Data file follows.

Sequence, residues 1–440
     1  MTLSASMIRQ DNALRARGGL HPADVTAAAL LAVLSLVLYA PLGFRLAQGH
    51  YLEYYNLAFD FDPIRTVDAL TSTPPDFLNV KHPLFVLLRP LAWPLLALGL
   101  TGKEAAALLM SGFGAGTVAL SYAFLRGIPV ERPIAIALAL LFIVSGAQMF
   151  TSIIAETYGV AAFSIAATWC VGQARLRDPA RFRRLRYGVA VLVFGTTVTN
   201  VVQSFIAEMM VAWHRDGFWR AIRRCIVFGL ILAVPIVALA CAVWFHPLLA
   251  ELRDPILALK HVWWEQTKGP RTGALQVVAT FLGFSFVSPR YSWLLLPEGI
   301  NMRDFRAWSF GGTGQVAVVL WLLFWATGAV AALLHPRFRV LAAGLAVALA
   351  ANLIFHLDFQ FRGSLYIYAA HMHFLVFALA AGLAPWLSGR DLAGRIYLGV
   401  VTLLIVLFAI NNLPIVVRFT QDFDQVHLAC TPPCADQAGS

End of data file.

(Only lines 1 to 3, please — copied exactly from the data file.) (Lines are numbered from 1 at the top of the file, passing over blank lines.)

Sequence, residues 1–440
     1  MTLSASMIRQ DNALRARGGL HPADVTAAAL LAVLSLVLYA PLGFRLAQGH
    51  YLEYYNLAFD FDPIRTVDAL TSTPPDFLNV KHPLFVLLRP LAWPLLALGL